”Where do we come from? What are we? Where are we going?” Having presented the questions so handsomely, in his greatest painting, it hardly seems to matter that Paul Gauguin had none of the answers.
To look for allegorical meanings in Gauguin’s greatest work appears to be an invitation to embark on a fool’s errand. Gauguin’s implication that his title was a mere afterthought is somewhat hard to swallow in the light of events leading up to and immediately following the execution of the painting. Knowing noting of its genesis, or even of its content, we can still admire the organization of color, line and pattern in ”Where Do We Come From?” and still marvel at its glowing topical light. Still, a nagging question remains which is what exactly are is the viewer looking at? That question is best answered through some biographical data on Gauguin to know where did Gauguin come from? What was he? and Where was he going?
By the time Gauguin decided, belatedly, and irrevocably, to devote his life to art, the most controversial innovation in the history of painting, impressionism, had won a measure of acceptance. The disturbance that it once caused now seems altogether disproportionate to the small measure of radicalism the style really embodied. The much misunderstood aim of impressionism was the achievement of a more credible realism, and the adherents of the style were more concerned with evolution than revolution.
Gauguin’s was another story. After a brief flirtation with impressionism, he began to grope toward was he called a synthesis of form and color; an idea that was then in the air and that soon was to crystallize in the artist Maurice Denis’s definition of a painting as a flat surface covered with colors arranged in a certain order. The notion was more revolutionary than would first appear. After having confused itself with sculpture for centuries, painting was about to reassume its own identity as a two dimensional art. If Paul Gauguin was not the sole inventor of the concept, his Tahitian canvases were its most persuasive argument. When first shown in Europe, they were held to be incomprehensible by all but a few of the more perceptive critics.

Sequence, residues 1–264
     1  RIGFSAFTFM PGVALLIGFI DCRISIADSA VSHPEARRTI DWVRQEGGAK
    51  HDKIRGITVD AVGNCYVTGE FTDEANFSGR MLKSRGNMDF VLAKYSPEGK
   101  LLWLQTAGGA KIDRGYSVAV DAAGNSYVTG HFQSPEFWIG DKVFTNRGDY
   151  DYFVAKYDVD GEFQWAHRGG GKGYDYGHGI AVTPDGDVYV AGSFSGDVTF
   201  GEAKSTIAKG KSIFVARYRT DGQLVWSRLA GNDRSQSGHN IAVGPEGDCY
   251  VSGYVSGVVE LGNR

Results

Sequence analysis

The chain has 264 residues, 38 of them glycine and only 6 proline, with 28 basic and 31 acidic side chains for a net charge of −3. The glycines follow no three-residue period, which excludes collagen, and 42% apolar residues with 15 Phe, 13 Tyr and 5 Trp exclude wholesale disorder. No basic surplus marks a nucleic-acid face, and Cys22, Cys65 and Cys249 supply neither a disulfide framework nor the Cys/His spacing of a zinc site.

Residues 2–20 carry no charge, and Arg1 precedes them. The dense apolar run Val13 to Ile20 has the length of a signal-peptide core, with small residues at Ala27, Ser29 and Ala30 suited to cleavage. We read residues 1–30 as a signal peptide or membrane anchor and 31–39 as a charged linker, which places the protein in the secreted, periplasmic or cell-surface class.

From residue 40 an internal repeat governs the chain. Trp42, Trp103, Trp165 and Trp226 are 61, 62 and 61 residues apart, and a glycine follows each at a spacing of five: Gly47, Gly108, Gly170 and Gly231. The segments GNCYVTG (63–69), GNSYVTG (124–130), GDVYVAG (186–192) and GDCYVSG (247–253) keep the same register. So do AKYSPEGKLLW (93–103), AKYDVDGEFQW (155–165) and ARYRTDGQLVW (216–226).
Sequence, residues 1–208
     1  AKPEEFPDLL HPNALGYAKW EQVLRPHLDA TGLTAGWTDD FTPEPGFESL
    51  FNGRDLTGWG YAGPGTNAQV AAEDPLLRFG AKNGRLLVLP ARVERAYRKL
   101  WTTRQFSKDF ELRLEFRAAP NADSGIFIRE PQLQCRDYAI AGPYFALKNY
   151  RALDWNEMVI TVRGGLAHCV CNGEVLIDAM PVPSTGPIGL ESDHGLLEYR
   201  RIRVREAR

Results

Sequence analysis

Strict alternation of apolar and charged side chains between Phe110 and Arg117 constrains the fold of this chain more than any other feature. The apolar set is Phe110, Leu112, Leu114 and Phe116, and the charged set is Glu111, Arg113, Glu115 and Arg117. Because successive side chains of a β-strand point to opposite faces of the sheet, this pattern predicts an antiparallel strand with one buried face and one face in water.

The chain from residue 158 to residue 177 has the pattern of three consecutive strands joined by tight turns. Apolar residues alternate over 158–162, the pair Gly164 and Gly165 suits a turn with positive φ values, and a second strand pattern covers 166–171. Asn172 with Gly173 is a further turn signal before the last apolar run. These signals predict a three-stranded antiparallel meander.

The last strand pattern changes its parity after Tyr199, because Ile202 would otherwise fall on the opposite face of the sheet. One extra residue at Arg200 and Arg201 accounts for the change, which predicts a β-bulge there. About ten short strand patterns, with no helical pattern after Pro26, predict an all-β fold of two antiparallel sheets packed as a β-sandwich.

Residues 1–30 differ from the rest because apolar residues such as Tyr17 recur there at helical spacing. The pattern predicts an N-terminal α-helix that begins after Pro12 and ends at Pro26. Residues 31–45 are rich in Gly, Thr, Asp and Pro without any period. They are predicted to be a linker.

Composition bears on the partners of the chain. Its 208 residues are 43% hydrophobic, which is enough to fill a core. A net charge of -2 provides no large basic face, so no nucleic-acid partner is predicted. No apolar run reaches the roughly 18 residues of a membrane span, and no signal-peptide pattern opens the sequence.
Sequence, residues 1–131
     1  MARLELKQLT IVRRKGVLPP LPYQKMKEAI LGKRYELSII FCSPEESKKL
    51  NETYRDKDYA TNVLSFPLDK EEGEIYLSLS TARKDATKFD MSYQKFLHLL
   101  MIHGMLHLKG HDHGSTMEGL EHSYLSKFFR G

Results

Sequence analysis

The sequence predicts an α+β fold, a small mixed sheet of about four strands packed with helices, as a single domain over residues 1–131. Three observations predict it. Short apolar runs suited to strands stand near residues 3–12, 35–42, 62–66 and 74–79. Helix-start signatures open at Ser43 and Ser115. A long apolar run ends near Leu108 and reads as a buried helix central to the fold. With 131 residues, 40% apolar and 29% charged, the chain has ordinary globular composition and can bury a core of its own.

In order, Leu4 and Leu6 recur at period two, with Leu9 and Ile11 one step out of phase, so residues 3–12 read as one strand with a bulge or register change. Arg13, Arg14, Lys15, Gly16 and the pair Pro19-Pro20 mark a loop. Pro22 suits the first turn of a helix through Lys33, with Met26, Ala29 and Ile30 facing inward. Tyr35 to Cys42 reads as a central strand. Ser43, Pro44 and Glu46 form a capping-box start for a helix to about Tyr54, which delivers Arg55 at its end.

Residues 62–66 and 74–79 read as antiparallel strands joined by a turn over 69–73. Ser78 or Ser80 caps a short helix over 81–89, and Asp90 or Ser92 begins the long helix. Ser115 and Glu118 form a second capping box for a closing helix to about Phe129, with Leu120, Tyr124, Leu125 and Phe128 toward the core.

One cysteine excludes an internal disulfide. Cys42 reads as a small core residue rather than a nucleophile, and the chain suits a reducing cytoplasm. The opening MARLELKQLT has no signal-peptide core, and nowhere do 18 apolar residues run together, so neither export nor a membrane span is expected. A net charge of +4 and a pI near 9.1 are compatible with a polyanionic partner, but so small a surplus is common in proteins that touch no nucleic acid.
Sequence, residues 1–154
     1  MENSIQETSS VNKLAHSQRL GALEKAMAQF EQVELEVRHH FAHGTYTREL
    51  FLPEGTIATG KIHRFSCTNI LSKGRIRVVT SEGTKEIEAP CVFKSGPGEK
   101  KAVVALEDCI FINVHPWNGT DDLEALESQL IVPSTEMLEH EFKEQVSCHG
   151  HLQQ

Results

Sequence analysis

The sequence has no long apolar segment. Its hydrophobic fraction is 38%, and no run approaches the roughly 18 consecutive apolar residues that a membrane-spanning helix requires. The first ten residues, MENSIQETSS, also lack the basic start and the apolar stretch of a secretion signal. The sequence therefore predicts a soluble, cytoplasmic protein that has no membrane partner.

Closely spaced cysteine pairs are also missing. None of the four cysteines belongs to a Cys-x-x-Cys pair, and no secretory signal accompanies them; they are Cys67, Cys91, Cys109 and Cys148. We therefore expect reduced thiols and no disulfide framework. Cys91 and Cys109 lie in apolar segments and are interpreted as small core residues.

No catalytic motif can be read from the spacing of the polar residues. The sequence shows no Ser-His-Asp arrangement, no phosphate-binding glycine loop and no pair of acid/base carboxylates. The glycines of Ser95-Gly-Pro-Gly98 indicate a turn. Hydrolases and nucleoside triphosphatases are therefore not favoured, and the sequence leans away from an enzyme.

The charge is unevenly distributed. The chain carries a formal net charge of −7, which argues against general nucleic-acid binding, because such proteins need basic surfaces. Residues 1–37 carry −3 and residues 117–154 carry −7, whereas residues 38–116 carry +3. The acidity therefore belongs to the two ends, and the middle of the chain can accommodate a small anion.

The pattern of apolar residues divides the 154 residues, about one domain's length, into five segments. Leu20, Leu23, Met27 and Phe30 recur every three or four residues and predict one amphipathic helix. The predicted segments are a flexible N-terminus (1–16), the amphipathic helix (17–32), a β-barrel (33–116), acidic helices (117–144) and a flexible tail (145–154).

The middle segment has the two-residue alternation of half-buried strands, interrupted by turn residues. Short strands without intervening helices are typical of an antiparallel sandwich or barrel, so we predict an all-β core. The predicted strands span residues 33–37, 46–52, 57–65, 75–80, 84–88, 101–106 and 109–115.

This was understandable. In the course of a few short years, and largely through the efforts of a single man, painting had undergone a complete metamorphosis. It would never again be quite the same. Gauguin’s contemporaries found his colors bizarre, his drawings crude, and his forms flat an unconvincing. They were not yet able to concede that paintings could exist on their own terms, independent of both external reality and established conventions. However, no such hesitation impeded public acceptance of the content of Gauguin’s pictures, which were taken to be literal illustrations of Tahitian life and mythology. Posterity has chosen to see the particualr in the universal and to cast its image of Tahiti in Gauguin’s mold.
Since Gauguin’s death in 1903, much has been llearned about the indigenous arts of the South Pacific that was not known in his time. The enormous idols dominating ”The Feast of Hina” and ”Where Do We Come From”, were the products of Gauguin’s fanciful approach to the Tahitian scene and its mythology, and that effigies in other paintings had no real counterparts in tahitian sculpture but were derivations and composites of Indian, Javan, and ancient Egyptian religious art. Still, the notion endured that the remainder of Gauguin’s Tahiti, the idyllic settings peopled by childlike, unspoiled beings, may be taken as a literal transcript of what the artist found in the colony.
By the time Gauguin reached Papeete in 1891, the Eden he had sought, his quest for living statues from man’s primeval age, had long since vanished. The thatched roofs he envisioned had been replaced by corrugated iron and the natives were happier eating in Chinese restaurants than harvesting the gifts of nature. The living statues, their wonted postures, libidinous and drunken, were anything but statuesque. Diseases of a varities were so prevalent that the native population was in danger of extinction. Nevertheless, despite the grotesque mayhem, there is nothing in his paintings to indicate that the island was anything less than a paradise on earth.